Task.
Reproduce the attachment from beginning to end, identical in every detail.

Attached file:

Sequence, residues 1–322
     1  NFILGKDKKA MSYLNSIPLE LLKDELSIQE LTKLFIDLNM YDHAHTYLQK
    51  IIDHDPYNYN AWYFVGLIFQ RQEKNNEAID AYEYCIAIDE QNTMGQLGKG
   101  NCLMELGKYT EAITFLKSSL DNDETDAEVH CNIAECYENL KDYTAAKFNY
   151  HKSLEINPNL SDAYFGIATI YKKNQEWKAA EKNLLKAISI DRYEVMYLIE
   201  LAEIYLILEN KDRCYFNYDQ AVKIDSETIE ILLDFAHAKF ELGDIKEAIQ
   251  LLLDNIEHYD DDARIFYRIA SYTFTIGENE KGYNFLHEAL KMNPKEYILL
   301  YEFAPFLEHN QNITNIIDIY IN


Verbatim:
Sequence, residues 1–322
     1  NFILGKDKKA MSYLNSIPLE LLKDELSIQE LTKLFIDLNM YDHAHTYLQK
    51  IIDHDPYNYN AWYFVGLIFQ RQEKNNEAID AYEYCIAIDE QNTMGQLGKG
   101  NCLMELGKYT EAITFLKSSL DNDETDAEVH CNIAECYENL KDYTAAKFNY
   151  HKSLEINPNL SDAYFGIATI YKKNQEWKAA EKNLLKAISI DRYEVMYLIE
   201  LAEIYLILEN KDRCYFNYDQ AVKIDSETIE ILLDFAHAKF ELGDIKEAIQ
   251  LLLDNIEHYD DDARIFYRIA SYTFTIGENE KGYNFLHEAL KMNPKEYILL
   301  YEFAPFLEHN QNITNIIDIY IN